ESO's VLT discovers mystery behind giant space blob brilliance
Scientists at the European Southern Observatory (ESO) have discovered how a rare vast cloud of glowing gas in the early Universe got its power. Presented in the journal Nature, the findings show that galaxies found within this giant 'Lyman-alpha blob', what astronomers describe as being one of the largest single objects known to man, provide the energy.
The scientists used ESO's Very Large Telescope (VLT) to investigate the Lyman-alpha blob. According to them, these blobs are rare, immense and very luminous structures. They are usually seen in regions of the early Universe where matter is concentrated. The light that stems from such a blob is polarised, according to the team. Polarised light is used in 'everyday' life to generate three-dimensional (3D) effects in cinemas, for instance. This discovery is a first; not only does it reveal how polarisation is within a Lyman-alpha blob, but it provides insight into how blobs get their shine.
'We have shown for the first time that the glow of this enigmatic object is scattered light from brilliant galaxies hidden within, rather than the gas throughout the cloud itself shining,' says lead author Matthew Hayes of the University of Toulouse in France.
Experts say the Universe is home to so many huge objects, with Lyman-alpha blobs being some of the largest ever. They are gigantic clouds of hydrogen gas with the capacity to reach diameters of a few hundred thousand light years (i.e. slightly bigger than the size of the Milky Way). They are also just as powerful as the brightest galaxies.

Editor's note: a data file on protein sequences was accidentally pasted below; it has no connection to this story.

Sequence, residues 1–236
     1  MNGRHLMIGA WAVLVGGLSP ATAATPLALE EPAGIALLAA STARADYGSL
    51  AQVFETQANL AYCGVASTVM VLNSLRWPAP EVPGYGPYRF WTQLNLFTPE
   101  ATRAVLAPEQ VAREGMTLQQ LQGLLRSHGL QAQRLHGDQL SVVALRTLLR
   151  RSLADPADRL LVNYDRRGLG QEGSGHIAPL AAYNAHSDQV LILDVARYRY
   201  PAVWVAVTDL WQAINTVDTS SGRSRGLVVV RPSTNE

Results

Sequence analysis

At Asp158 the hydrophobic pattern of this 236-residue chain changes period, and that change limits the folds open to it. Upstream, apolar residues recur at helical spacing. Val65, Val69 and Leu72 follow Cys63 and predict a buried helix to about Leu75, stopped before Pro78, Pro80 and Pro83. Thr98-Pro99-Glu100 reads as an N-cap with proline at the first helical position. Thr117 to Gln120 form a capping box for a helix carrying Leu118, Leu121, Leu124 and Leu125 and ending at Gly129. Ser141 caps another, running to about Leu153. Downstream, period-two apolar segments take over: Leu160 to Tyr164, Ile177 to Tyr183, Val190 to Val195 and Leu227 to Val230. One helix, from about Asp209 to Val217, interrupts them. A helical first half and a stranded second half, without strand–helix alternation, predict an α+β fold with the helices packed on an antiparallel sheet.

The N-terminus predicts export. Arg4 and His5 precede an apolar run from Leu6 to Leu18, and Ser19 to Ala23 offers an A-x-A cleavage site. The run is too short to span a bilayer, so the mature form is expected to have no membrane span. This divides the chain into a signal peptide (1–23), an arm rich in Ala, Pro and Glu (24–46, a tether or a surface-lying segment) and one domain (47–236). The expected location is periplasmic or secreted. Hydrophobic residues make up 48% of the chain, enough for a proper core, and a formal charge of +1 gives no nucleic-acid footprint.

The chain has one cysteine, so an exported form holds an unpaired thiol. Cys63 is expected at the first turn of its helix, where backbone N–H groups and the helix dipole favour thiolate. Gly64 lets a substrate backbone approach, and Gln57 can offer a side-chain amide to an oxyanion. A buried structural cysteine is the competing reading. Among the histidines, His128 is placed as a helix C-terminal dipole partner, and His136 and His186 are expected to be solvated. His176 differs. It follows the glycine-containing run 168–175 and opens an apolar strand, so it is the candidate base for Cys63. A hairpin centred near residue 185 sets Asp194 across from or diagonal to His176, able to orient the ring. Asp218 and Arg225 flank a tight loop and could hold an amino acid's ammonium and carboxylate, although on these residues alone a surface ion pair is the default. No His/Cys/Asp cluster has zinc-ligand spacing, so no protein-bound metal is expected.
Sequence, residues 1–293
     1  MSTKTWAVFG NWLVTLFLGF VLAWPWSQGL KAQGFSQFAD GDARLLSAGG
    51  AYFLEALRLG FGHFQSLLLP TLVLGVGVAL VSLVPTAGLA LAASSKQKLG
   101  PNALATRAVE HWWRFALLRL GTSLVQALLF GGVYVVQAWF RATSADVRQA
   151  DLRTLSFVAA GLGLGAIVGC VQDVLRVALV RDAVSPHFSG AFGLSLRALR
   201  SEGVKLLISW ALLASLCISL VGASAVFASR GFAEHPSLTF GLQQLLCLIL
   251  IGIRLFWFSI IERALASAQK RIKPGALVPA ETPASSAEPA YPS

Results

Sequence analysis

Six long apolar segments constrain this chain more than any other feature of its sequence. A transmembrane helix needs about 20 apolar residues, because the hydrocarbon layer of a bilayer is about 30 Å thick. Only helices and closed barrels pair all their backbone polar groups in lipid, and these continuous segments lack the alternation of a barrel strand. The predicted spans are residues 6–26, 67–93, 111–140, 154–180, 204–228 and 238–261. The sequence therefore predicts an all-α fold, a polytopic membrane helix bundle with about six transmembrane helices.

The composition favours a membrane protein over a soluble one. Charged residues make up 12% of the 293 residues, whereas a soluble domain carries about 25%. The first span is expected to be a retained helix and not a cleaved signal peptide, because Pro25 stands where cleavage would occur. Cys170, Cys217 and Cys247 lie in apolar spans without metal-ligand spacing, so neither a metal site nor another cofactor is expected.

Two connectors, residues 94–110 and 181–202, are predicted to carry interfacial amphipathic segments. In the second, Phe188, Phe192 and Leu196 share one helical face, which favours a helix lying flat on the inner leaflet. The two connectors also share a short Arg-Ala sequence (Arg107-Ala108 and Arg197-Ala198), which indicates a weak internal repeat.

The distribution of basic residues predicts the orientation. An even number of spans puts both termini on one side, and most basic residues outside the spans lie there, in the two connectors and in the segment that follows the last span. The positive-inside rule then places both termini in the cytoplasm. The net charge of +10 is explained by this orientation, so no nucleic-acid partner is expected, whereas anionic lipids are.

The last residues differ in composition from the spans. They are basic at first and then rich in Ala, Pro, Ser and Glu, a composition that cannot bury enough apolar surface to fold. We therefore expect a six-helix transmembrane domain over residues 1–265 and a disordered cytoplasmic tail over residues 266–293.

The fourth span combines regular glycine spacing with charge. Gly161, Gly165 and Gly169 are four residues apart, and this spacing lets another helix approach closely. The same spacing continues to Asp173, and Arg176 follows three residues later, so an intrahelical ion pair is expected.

The researchers say Lyman-alpha blobs are located at large distances. We see them as they were when the Universe was only a few billion years old, they add. So they play a significant role in helping us understand the formation and evolution of galaxies, at a time when the Universe was younger. The question, however, is where do they get their power to shine so brightly, and what is the nature of these blobs?
In this study, the astronomers investigated what is considered one of the first and brightest blobs ever, called LAB-1. First discovered in 2000, its light has taken some 11.5 billion years to reach us because of its distance. It contains a number of primordial galaxies, including an active galaxy, and has a diameter of some 300 000 light years.
Some researchers have said Lyman-alpha blobs shine when cool gas is pulled in by the blob's gravity and heats up. Others believe they shine because of the shiny objects found within. For instance, black holes are contained within that engulf matter, and the existing galaxies undergo star formations. According to the researchers, the embedded galaxies provide the energy to LAB-1, not the gas that is sucked in.
They measured whether the light from the blob was polarised. Discovering how light is polarised gave them the answers they needed to determine the physical properties that generated the light. The information could also provide insight on what happened to it after it was created and before it reached Earth.
'These observations couldn't have been done without the VLT and its Focal Reducer and Low Dispersion Spectrograph (FORS) instrument,' says co-author Claudia Scarlata of the University of Minnesota in the United States. 'We clearly needed two things: a telescope with at least an eight-metre mirror to collect enough light, and a camera capable of measuring the polarisation of light. Not many observatories in the world offer this combination.'
The researchers discovered that the light was polarised in a ring around the blob's central region, and not the actual centre. This effect would not have materialised if light stemmed from the gas falling into the blob under gravity. But it would emerge if the light comes originally from galaxies within the central region, before being scattered by the gas.
The team plan to investigate these objects more thoroughly in order to see if their findings can be translated for other blobs as well.
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